artist / participant
SAN FRANCISCO, December 13, 2007—Yerba Buena Center for the Arts (YBCA) celebrates Bay Area legend Anna Halprin, a pioneer of postmodern dance and performance, with an audio/visual installation titled Anna Halprin: At the Origin of Performance from Fri, Jan 18—Sat, Apr 5, 2008. The exhibition uses archival documents, photos, films, sound recordings, scores, press cuttings, and illustrated partitions to highlight her contributions to the fields of dance, theater, music and visual arts from the 1950s to the present. At the Origin of Performance is part of YBCA’s Making Peace series, one of the three Big Ideas that guide this season’s programming. Making Peace features artists who having glimpsed the abyss—culturally, politically or personally—forge a path ahead with great optimism. Halprin, diagnosed with cancer in 1972, decided to dedicate her art to life by working with cancer and AIDS patients to integrate creativity into daily existence through what she calls the life-art process. "As many of us struggle to find our spiritual identity, we can, I believe, return to dance to recover an ancient tradition that will serve us in today's culture,” says Halprin. “Our connection to the earth and to one another as forms of the earth is our next crucial step. I believe this is the wonderful possibility for dance today." Halprin is known for blurring boundaries between art forms, between professional and amateur dancers, and between the performer and the audience. Her gift to postmodern dance was the “task,” the idea that everyday activities were worthy of exploration. Like Marcel Duchamp and John Cage, Halprin showed us how extraordinary the ordinary can be. Looking to create original movement beyond the stylized dances of the time, Halprin began experimenting with improvisation in the 1950s. She collaborated with numerous individuals, including: Fritz Perls, the founder of Gestalt therapy; her husband, environmental designer Lawrence Halprin, and others. Her radical improvisational experiments took place in dance studios, performance stages, urban city streets and natural outdoor environments. During one notable performance, she took her San Francisco company outside the theater where they danced on the street wearing ordinary clothing. During another work, dancers repeated the movements of dressing and undressing in slow motion. The exhibition was produced by the City of Lyon/Musée d’ART Contemporain.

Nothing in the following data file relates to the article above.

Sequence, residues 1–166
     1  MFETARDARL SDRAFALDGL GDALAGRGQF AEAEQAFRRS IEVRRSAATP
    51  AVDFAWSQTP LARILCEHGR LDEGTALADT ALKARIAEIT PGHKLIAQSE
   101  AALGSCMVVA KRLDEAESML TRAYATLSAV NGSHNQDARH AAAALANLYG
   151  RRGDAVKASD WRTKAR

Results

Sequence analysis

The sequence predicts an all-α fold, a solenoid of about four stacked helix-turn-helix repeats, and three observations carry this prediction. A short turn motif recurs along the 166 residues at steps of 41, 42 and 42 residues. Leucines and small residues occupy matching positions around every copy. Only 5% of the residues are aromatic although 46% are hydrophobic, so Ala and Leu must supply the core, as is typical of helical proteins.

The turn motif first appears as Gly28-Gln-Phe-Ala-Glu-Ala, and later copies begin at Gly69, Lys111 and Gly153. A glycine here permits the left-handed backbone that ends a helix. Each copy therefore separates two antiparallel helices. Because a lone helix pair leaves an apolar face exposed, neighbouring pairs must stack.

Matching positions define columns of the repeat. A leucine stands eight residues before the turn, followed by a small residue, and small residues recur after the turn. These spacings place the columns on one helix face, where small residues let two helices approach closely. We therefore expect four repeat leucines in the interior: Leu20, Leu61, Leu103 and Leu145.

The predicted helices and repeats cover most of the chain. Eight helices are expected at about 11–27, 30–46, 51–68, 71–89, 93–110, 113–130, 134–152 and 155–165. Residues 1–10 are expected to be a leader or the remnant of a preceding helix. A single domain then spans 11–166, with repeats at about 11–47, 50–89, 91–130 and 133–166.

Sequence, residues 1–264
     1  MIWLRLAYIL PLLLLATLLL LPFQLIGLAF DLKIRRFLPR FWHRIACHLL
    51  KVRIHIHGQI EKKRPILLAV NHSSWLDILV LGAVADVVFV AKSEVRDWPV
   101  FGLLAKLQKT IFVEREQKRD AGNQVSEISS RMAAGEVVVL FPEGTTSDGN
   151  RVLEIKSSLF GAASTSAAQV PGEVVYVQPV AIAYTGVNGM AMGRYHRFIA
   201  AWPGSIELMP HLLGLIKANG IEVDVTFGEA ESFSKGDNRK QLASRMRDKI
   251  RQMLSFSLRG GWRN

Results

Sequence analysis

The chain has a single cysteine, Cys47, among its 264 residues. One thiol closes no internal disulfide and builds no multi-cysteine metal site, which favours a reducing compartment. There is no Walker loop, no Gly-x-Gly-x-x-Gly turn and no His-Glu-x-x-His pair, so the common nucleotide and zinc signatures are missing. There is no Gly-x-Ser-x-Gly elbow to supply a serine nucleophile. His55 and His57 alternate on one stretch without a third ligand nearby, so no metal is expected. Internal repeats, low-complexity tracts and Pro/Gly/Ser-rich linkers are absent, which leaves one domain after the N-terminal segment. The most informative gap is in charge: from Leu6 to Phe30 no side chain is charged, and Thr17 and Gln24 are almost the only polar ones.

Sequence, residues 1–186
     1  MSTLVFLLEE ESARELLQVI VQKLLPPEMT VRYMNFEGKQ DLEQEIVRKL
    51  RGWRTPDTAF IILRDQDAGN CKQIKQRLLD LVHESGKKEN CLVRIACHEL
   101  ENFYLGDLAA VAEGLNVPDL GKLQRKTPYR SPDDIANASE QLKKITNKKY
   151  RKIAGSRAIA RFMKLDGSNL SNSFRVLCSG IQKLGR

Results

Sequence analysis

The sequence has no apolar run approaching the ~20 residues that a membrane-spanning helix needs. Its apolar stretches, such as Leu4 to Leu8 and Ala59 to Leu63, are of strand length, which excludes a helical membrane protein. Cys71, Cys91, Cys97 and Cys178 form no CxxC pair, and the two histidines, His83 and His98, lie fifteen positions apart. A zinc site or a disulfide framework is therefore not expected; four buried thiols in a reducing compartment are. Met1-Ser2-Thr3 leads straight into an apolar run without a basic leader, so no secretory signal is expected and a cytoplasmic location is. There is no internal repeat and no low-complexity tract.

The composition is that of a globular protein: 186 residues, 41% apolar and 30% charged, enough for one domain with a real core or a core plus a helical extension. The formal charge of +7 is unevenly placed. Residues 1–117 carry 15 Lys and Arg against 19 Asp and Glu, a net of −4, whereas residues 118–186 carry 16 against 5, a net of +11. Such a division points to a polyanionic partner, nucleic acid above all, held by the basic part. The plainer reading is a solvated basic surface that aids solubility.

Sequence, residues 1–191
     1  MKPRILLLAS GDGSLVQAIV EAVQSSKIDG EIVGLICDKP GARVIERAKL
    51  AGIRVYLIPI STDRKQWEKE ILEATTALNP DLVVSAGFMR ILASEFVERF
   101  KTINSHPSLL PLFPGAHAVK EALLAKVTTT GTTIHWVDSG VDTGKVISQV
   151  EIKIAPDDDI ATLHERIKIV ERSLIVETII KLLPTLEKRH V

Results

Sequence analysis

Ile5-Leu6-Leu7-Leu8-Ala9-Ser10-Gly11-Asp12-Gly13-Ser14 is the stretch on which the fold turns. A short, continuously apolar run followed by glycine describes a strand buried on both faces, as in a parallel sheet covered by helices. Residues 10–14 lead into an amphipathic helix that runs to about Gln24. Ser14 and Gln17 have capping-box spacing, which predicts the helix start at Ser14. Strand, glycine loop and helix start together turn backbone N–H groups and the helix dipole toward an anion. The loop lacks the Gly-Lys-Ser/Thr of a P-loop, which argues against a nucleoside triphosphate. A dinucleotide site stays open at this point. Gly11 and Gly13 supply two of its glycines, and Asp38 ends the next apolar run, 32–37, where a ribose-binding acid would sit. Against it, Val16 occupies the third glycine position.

ABOUT ANNA HALPRIN Born in Illinois on July 13, 1920, Anna Halprin settled in Kentfield, near San Francisco, where she still currently resides. Her work is influenced by the sun and natural environment of California. She developed a multidisciplinary technique that came to be called “performance art.” As a student at the University of Wisconsin, Anna participated in dissections of the human body and gained a deep understanding of how it functions. In 1942, while living in New York, she met John Cage, Merce Cunningham, Robert Rauschenberg, and other avant-garde artists. Throughout the years, both in urban environments and in nature, Anna has developed dance rituals that allow people- both dancers and non-dancers- to find meaningful creative response to their life experiences. Now in her mid-eighties, Anna is still dancing and exploring her relationship with nature and her life experiences through movement. As she explains, “I like working with sensuality, sexuality, conflict, game, everyday life: all things that were not allowed in the field of the dance.”
Anna Halprin: At the Origin of Performance